Durango sees more trash this year during spring clean up
Interim streets manager Joey Medina said the 2023 spring clean up was a success after the city's streets division was able to finish picking up trash in five weeks and two days.
By comparison, it took more than seven weeks to complete the job in 2022. Medina credits the team's efficient pace to being fully staffed this year with 14 crew members compared with last year when the city had fewer people sifting the streets for trash pick up.
The program was launched as an option outside of normal trash pick up to remove large quantities of waste from homes.
In total for 2023, the city picked up around 4,070 cubic yards of trash, a 21% increase from last year's 3,200 cubic yards.
The city expedited the pick up process by having crews work two extra days on Fridays to meet their five-week deadline. Normally, the streets department works four days a week.
"We try to do the best we can," Medina said. "It just depends on the volume and the congestion that we have out in the alley areas."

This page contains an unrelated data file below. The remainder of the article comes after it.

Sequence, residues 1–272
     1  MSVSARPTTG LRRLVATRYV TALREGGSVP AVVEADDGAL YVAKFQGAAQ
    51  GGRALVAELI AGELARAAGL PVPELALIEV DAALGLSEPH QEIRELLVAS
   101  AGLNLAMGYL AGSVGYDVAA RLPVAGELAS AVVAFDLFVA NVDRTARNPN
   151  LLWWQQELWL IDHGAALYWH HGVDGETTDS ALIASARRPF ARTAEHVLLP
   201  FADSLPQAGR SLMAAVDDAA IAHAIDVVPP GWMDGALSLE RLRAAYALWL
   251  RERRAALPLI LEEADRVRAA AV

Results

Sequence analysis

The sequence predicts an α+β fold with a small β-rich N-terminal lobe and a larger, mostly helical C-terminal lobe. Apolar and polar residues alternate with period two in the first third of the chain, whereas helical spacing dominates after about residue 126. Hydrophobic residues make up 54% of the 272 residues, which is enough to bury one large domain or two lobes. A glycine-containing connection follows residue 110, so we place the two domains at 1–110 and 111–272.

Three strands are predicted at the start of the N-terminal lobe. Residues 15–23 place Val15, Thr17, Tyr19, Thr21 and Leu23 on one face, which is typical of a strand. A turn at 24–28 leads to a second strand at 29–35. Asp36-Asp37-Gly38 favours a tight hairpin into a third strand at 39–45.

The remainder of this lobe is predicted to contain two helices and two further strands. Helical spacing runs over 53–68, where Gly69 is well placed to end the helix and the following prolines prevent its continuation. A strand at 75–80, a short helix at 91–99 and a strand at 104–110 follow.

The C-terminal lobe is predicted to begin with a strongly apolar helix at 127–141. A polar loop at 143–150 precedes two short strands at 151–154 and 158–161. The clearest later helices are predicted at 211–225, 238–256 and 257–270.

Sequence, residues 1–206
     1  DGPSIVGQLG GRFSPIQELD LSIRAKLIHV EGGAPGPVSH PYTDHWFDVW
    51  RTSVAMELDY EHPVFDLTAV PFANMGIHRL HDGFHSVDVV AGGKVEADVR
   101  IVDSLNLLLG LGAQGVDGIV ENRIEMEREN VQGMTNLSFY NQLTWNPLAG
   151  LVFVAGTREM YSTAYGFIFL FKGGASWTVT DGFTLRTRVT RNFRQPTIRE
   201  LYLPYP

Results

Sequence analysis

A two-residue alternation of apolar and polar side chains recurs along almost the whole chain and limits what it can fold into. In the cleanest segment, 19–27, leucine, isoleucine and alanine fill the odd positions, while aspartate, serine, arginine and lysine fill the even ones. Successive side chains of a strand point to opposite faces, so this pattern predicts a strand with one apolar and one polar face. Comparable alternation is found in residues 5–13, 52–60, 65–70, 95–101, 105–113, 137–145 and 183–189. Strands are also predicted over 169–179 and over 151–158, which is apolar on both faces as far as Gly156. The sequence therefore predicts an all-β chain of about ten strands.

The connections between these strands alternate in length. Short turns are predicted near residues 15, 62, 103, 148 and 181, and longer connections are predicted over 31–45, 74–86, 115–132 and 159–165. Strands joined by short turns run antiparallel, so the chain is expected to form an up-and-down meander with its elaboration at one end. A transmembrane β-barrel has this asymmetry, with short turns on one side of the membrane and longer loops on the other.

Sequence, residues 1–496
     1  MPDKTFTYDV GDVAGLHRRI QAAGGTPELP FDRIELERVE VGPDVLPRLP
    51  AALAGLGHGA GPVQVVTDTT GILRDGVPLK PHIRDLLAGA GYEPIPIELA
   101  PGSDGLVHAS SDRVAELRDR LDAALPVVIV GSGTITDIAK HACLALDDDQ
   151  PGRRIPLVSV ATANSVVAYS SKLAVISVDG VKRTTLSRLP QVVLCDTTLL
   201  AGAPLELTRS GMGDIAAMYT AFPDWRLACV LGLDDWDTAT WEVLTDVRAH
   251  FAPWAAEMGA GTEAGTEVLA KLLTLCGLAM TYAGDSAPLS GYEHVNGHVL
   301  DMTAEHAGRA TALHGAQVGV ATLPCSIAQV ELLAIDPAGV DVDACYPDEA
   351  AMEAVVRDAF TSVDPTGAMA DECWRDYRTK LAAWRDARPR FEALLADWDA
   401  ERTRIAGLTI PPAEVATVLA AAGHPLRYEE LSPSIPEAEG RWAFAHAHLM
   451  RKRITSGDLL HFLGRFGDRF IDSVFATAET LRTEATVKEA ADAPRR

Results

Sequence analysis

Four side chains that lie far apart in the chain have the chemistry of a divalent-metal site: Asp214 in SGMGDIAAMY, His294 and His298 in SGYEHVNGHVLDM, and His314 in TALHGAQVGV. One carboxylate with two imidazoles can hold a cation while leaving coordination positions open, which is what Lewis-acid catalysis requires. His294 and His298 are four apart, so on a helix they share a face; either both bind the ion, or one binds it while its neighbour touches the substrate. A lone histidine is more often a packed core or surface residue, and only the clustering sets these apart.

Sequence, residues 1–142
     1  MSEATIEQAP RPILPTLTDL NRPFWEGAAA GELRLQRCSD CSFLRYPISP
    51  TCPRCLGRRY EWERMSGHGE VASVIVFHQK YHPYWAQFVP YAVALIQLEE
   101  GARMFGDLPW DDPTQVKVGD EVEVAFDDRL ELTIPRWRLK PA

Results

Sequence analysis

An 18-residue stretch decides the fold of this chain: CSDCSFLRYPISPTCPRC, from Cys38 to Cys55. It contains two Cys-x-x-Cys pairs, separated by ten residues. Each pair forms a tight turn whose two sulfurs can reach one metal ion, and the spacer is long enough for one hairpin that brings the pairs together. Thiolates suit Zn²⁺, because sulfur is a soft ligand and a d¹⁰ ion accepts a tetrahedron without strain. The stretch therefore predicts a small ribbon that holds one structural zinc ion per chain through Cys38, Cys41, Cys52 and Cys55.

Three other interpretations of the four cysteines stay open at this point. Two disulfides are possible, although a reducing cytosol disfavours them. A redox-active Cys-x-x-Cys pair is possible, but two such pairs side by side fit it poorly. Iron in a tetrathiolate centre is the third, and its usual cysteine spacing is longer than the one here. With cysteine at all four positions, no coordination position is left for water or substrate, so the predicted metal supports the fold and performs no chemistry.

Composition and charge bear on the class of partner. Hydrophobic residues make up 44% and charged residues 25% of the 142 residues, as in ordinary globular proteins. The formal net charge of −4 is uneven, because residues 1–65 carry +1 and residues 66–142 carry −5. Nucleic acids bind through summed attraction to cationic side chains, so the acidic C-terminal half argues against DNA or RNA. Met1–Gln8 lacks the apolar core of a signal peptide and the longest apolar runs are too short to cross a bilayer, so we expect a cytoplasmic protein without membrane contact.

Some neighborhoods are tougher than others to access, such as the alleyways on the downtown grid.
Medina says the alleys are narrow which makes it tough to park the city's large trash trucks.
"I think a lot of people put out more stuff this year than they have in the years’ past," he said.
Medina noted that when the weather is nice, residents are more inclined to put their trash out on the curb.
The city also produced about 155 cubic yards of mulch from tree branches and other brown waste collected during the five-week period. Brown waste is any biodegradable waste that is predominantly carbon-based. This includes materials such as grass cuttings, dry leaves, twigs, hay, paper, sawdust or cardboard.
The 155 cubic yards was not enough for the city to offer a free mulch day this year. Medina said the city would need around 250 cubic yards to have the event; the city plans to save this year's mulch for next spring.